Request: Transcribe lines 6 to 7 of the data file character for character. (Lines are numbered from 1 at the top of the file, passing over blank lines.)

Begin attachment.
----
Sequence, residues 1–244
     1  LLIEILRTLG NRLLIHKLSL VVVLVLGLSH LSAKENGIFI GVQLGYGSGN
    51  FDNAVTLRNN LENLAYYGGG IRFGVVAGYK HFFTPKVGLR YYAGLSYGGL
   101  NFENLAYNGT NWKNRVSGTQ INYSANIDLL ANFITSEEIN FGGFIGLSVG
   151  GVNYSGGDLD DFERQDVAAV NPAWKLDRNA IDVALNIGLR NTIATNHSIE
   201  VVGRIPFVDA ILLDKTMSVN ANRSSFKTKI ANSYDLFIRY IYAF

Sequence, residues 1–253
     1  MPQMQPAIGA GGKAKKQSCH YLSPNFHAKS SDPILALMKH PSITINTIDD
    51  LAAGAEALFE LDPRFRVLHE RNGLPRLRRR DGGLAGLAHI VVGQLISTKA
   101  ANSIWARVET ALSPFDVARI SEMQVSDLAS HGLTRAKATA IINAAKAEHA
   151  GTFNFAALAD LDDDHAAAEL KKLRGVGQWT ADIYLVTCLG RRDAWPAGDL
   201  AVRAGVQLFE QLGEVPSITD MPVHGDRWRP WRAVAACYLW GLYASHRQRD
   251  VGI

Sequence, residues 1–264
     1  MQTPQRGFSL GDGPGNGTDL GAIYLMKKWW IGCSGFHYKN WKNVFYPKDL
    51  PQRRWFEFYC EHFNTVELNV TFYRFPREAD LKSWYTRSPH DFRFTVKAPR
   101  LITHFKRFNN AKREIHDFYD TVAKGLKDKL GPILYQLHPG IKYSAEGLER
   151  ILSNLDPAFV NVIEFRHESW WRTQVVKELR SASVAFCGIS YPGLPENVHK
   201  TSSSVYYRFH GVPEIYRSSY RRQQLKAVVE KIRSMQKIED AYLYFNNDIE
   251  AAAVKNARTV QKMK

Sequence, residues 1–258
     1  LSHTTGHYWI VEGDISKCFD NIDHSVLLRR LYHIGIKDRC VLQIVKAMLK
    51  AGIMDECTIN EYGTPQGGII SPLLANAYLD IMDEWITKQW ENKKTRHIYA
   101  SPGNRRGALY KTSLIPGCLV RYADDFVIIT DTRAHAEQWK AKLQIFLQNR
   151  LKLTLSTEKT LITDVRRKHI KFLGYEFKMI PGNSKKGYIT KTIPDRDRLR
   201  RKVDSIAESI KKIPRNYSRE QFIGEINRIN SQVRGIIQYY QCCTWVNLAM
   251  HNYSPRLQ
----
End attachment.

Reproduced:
   201  VVGRIPFVDA ILLDKTMSVN ANRSSFKTKI ANSYDLFIRY IYAF

Sequence, residues 1–253